Chapter

International Relations, International Institutions, and the European State

Andrew Hurrell and Anand Menon

in Governing Europe

Published in print March 2003 | ISBN: 9780199250158
Published online November 2003 | e-ISBN: 9780191599439 | DOI: http://dx.doi.org/10.1093/0199250154.003.0023
 International Relations, International Institutions, and the European State

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This chapter takes a broad look at the impact exerted by international economic and political pressures on patterns of government and governance in Europe. It assesses the degree to which, as a consequence of the end of the Cold War and of the forces of globalization, these pressures are changing, and considers the implications of such change. It is argued in the first section of the chapter that the profound impact of the external environment on the character of the European state has been all too evident, despite the internalist tendencies of so much comparativist scholarship; moreover, West European states continue to confront several external challenges to the stability that has, since the Second World War, characterized their half of the Old Continent. The first challenge comes from the continued development of the very forces of liberalization that have played such an important role in Europe's recent past, changes that, for the sake of convenience, can be categorized under the heading of ‘globalization’; the second section examines some of the major aspects of the globalization debate as it relates to the European state, but takes a sceptical viewpoint. The second challenge comes from the changes in the international political system (the emergence of the United States as the single superpower; the collapse of the Soviet Union; the changing character of the security problems facing Europe); an emphasis on these changes can be found most prominently in the writings of US neo–realists who asserted that the end of the Cold War would inevitably result in Europe returning to its geopolitical and conflictual ‘historic norm’. In the third section it is shown why such extreme predictions have been proved wrong but nevertheless argues that the neo–realist emphasis on the international political system is, in a fundamental sense, correct.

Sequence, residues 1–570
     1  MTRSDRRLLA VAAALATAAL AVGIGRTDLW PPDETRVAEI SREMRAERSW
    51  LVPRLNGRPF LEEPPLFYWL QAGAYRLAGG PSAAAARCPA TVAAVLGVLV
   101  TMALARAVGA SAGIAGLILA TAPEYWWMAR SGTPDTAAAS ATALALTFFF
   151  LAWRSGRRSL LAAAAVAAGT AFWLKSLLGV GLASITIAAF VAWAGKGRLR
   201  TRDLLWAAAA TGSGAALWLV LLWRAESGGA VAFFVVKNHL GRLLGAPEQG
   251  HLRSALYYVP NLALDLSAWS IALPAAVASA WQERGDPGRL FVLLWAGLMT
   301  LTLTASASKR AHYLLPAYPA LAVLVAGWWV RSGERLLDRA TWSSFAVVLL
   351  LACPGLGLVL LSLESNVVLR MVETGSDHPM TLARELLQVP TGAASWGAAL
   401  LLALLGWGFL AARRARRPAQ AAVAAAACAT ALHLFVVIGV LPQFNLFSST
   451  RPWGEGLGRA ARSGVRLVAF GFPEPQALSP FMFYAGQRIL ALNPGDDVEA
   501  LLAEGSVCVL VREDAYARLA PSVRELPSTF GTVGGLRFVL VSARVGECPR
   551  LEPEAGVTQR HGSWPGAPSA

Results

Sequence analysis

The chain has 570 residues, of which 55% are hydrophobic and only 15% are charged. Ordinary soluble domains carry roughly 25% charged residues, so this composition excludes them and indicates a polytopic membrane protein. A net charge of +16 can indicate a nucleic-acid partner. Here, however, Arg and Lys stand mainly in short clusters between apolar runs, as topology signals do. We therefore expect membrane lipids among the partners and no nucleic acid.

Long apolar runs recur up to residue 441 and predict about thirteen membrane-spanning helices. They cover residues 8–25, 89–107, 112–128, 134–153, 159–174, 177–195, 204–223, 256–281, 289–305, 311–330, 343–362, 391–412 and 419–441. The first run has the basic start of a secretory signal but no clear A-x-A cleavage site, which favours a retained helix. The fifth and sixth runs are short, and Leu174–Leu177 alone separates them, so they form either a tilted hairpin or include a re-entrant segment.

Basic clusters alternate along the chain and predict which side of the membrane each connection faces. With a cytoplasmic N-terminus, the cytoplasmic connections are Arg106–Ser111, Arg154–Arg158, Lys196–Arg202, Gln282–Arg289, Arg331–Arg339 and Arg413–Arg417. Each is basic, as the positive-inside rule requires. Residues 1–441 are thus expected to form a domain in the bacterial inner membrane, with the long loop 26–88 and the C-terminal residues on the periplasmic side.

Keywords: economic pressures; Europe; European states; globalization; governance; government; history; international institutions; international political system; international relations; liberalization; neo—realism; political pressures; security; Soviet Union; stability; United States; Western Europe

Chapter.  9923 words. 

Subjects: European Union

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